Craig holds an MFA from the University of San Francisco and a PhD in Ethnic Studies from the University of California, Berkeley. Craig is an associate professor at the University of Hawai’i, Manoa and for more than a decade, he has been involved in decolonization, demilitarization, food sovereignty, and environmental justice movements in the Pacific.

We chatted about

  • Craig’s most recent book of poetry from unincorporated territory [lukao] (01:47)
  • The intertwining of art, academia, and social justice activism in Craig’s work (04:09)
  • Changes in Pacific and Indigenous publishing (05:07)
  • Community-building work through Ala Press (07:38)
  • Craig’s advice for taking on collaborative projects (08:50)
  • Imagining otherwise (11:44)

Sunset over the ocean. Text reads "Poetry is a powerful way to become involved in activism and it's a great creative outlet to express one's politics." Quote is from Craig Santos Perez on episode 76 of the Imagine Otherwise podcastTakeaways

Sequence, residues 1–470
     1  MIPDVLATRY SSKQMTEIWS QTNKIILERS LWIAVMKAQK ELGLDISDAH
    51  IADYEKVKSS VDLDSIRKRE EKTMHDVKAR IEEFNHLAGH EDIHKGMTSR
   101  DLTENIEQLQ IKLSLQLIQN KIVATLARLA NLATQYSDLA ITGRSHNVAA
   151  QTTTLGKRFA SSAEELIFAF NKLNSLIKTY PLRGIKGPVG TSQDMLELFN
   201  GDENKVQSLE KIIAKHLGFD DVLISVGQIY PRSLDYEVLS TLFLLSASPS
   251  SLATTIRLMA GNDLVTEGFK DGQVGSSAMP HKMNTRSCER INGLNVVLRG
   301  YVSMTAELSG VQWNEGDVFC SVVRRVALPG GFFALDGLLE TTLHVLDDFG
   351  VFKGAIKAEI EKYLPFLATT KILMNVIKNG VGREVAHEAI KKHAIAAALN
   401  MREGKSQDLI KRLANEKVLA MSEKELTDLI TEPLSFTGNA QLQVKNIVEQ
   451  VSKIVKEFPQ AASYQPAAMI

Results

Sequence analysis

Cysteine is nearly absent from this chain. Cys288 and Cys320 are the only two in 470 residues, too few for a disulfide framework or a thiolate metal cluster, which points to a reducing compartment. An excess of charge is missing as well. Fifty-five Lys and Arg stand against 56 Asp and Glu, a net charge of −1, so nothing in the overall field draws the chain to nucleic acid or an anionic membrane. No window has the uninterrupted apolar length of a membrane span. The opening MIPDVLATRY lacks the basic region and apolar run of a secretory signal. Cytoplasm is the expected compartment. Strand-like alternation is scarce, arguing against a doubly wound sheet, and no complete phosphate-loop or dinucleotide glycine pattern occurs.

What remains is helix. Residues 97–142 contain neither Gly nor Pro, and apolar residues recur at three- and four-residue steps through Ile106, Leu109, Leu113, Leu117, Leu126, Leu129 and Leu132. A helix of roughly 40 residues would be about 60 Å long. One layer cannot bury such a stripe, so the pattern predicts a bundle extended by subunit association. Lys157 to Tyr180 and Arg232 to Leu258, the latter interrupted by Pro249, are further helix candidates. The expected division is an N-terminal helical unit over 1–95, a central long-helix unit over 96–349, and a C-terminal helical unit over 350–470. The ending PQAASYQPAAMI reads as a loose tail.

Craig’s new book from unincorporated territory [lukao]

I was thinking about creation stories both from Guam and from Hawai‘i. I was thinking about my mother’s birth stories. I had the chance to interview her, to hear about her experiences. I started to think about other kinds of processions; the word “lukao” means procession. So there are other parts of the book that are about religious processions. I started also thinking about the procession of death in terms of extinction and endangerment, especially of species on Guam, and processions of food and eating.